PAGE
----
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JOYFULTALK is excited to share a new video for the track “Kill Scene” via The Quietus.

Crafted by visual artist Paul Henderson, it explores themes of memory, violence, and social authority through a hazy array of lo-res footage sourced from the depths of the open source internet archives. Henderson’s video collage proves to be an ideal match for the track’s woozy synths and pulsating rhythms, blending vintage aesthetics and an underlying sense of unease into an immersive, dreamlike whole.

According to JOYFULTALK’s Jay Crocker: “when brainstorming visual ideas for the track “Kill Scene” I was interested in the idea of early 80’s cop shows, pastels, and sun.  The sound of the track definitely holds a nostalgia for that time.  Although I wanted it to have a police element, I didn’t want the video to portray law enforcement as either heroes or anti-heroes.  I wanted it to be nostalgic and artful while still demonstrating social commentary in regards to guns and violence in North American society.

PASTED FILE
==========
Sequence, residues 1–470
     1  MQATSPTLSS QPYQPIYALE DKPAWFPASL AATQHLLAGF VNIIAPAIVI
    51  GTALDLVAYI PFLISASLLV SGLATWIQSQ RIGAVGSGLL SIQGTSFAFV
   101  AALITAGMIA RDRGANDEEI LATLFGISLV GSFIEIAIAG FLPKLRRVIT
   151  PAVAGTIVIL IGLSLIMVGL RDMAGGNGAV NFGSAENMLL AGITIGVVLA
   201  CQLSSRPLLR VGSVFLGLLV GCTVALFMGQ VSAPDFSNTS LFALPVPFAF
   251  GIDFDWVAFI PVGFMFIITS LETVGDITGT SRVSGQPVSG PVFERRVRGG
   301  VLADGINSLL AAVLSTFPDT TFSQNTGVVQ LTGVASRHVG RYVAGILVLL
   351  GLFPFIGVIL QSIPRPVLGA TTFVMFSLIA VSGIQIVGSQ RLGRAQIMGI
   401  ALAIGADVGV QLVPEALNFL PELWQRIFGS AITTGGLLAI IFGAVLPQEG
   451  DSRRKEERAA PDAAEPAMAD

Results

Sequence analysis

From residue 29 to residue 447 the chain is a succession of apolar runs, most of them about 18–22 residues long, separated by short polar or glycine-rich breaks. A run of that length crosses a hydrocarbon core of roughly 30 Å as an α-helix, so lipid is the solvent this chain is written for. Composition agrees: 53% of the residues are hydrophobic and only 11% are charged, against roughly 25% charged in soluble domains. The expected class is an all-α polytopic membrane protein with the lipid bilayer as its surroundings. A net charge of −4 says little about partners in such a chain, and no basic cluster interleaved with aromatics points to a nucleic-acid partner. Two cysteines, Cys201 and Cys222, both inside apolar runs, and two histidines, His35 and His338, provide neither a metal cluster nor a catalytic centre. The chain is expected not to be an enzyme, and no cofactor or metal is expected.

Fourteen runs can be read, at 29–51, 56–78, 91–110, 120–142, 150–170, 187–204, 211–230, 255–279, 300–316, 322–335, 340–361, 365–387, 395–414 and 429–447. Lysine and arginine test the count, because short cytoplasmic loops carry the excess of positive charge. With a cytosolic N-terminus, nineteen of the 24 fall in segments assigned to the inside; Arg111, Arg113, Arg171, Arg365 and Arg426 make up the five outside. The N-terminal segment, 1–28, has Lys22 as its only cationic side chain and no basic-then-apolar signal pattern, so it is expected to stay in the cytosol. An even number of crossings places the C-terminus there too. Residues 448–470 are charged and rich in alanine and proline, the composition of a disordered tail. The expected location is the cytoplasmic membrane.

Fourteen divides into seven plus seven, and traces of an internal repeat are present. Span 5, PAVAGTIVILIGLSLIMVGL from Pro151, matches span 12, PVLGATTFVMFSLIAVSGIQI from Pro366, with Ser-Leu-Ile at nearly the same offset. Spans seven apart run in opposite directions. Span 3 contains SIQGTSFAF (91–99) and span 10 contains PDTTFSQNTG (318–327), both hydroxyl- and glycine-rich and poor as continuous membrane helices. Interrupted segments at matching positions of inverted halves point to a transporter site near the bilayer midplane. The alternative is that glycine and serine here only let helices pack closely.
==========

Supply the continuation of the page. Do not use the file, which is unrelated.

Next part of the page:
Stream Paul Henderson’s video cut from 80’s cop footage

joyfultalk.com

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Goddamit. The more things change, the more they stay the same.

For nearly fifteen years A.A. Wallace has been releasing music with an outfit called Sleepless Nights. Approaching the ten-year anniversary of their breakout EP, Hang Up, Sleepless Nights reconvened for the release of Keith Hamilton in 2017 – a brand new recording that captured a set of songs from the band’s breakup era never laid to tape. Following a quick Maritime tour in its support with four of the group’s longest-standing members, Wallace officially relocated the band to Toronto and once again donned up the Sleepless Nights moniker. 

“Kids On Drugs” is a brand new glammed up, T. Rex-infused ripper bemoaning overmedicated youth and was recorded and produced by Joel Plaskett at his New Scotland Yard studio and also features Jordan Murphy of Walrus on drums.

 
Like all songs that sound best on your turntable – and the most memorable songs in the Sleepless Nights back catalog – the fun vibes obscure bleaker, lyrical undertones about parents who would rather give their kids drugs than offer them guidance.

Yes, goddamit, Sleepless Nights are back. And with new rock n’ roll tracks full of ripping riffs, dry wit, hand claps, and tongue-in-cheek meditations on society at large, it’s almost like they never left.